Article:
Tuesday, June 21, 2005

National Sports and television

Futon Report: Wild ping, you make my heart sing: "The wild Arizona State-Nebraska game Tuesday afternoon sparked personal intrigue toward college baseball."

I can't imagine college baseball doing the same for me, but sports programming does possess something alluring. Usually, I'm not a big fan of televised sports, but I have been setting my social calendar around the NBA Playoffs and Finals. Part of this stems from my youth, the San Antonio Spurs' acquisition of David Robinson, and my near-obsession with the team's philosophies. But, I watched last year's Finals between the Pistons and Lakers just as psychotically. I'll watch regular season football games if I'm at home...usually I'm not, but I always wish I were.

No matter who's playing, I end up sitting on my couch and coaching. I argue calls. I complain about contact and non-calls. I get involved. My parents weren't big sports fans so I started this phase of life late, living vicariously through the Monday Morning Quarterbacks in my middle school. I love the fans and the momentum switches. I love to hate the announcers and the officials. It'll never be a religion for me, but it'll always be a pastime.

Tonight, I watched Game 6 of the NBA Finals between the Spurs and Pistons and found David Stern's halftime interview ironic. The anchor, cannot remember who, questioned Stern about the future of the sport, its possibly tainted public opinion, and the future of the sport. The ratings are down, yet Stern was sure people were still watching, just not on television. With internet and TiVo, the game's audience is shifting from either live or real-time at a later time. With all the recent cyber chatter about the imminent death of newspapers, I'd be more concerned with the current life-expectancy of television. Before long, WebTV or some improvement on that concept will soon replace remote controls with keyboards. The opinionated/"expert" commentary of the announcers?...there's still the mute button.

Tuesday, June 07, 2005

New Worlds To Censor

New Worlds To Censor: "A troubling shift is underway in how lawmakers censor media in this country. Sen. Ted Stevens (R-Alaska) and Rep. Joe Barton (R-Tex.), chairmen of the Senate and House commerce committees, as well as Kevin Martin, the new head of the Federal Communications Commission, are proposing to broaden federal broadcast 'indecency' regulations to cover cable and satellite television. And a separate measure recently introduced in the Senate would regulate 'excessively violent' programming, not just in broadcasting but on cable and satellite service as well."

I'm a glutton for media. It not only influences society, but it also reflects it. Everyday, millions of people flock to their safe-space in front of their television sets, computers, and radios to escape the responsibilities they have to live every day. Most of these are parents looking for a reprieve, something that entertains them and their children. With the flip of switch, everything sacred in this sloth, could be lost.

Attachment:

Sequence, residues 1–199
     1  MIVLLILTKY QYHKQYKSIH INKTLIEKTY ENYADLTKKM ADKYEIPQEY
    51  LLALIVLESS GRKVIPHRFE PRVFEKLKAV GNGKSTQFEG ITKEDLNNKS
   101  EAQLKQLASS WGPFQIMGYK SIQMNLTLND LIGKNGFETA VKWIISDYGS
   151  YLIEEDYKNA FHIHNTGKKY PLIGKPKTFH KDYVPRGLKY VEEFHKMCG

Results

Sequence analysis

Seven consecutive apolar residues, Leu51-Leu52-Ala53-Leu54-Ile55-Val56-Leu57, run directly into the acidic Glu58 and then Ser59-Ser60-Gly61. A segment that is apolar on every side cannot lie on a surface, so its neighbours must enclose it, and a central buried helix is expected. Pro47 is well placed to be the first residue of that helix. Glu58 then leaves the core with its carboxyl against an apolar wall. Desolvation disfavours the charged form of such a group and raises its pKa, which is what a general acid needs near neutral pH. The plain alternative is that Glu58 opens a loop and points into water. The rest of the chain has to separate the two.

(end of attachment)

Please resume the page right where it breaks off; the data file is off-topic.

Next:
With these new proposed regulations on cable and satellite television - subscription luxuries - the omnipotent hand of the government could find its way into our homes, influencing not only our leisure time, but also parenting our children. I don't have children - at least none that I'm aware of - but I see the cause for concern. I saw Janet Jackson's clothing malfunction, in fact, I have a PVR so we re-played it, zoomed in, slowed it down and saw all that there was to be upset about. None of us were offended, but the room was full of guys and beer. We were shocked and awed. I was amazed at the audacity. The story blanketed every major media outlet; the public was outraged. The root of all this wasn't the malfunction or the network, it was the shock - the surprise of it all. Americans sat in their living room, enjoying the spectacle that is the Super Bowl halftime show, and all of a sudden there it is - a nipple. We see them as teenagers going through adolescence; we see them as adults and parents; we see them on cable television late at night. Nipples, sex, violence - these are an American institution. But, so is decency and so is expectation.

We expect to see these types of things on cable television, so we're not offended then. When we want premium programming, we get cable. That's what we pay for. Network television is a community service, offering mass entertainment. Network television is the hometown paper; it's familiar faces, places, and experiences. Cable television is unchartered territory. It's something new. When I turn on my satellite, I enjoy channel surfing. The only thing I expect is the service that I pay for, not a government intervention telling me I have a problem and need to start attending some sort of meeting. It's freedom that can be enjoyed by all as a right to receive what one pays for. If you want the Spice channel, pay for it.

I'm a member of a niche audience. I fit into a specific demographic, but in that demographic I have friends. They are my friends, neighbors, and complete strangers I know nothing about other than they, like me, have specific interests. If the government starts to regulate what niche I fit into, then I lose even this bit of anti-social interactivity. That is the core principle of the American media - bringing people together through programming that reflects specific interests, not to spread a message. The message is the messenger. Don't kill him.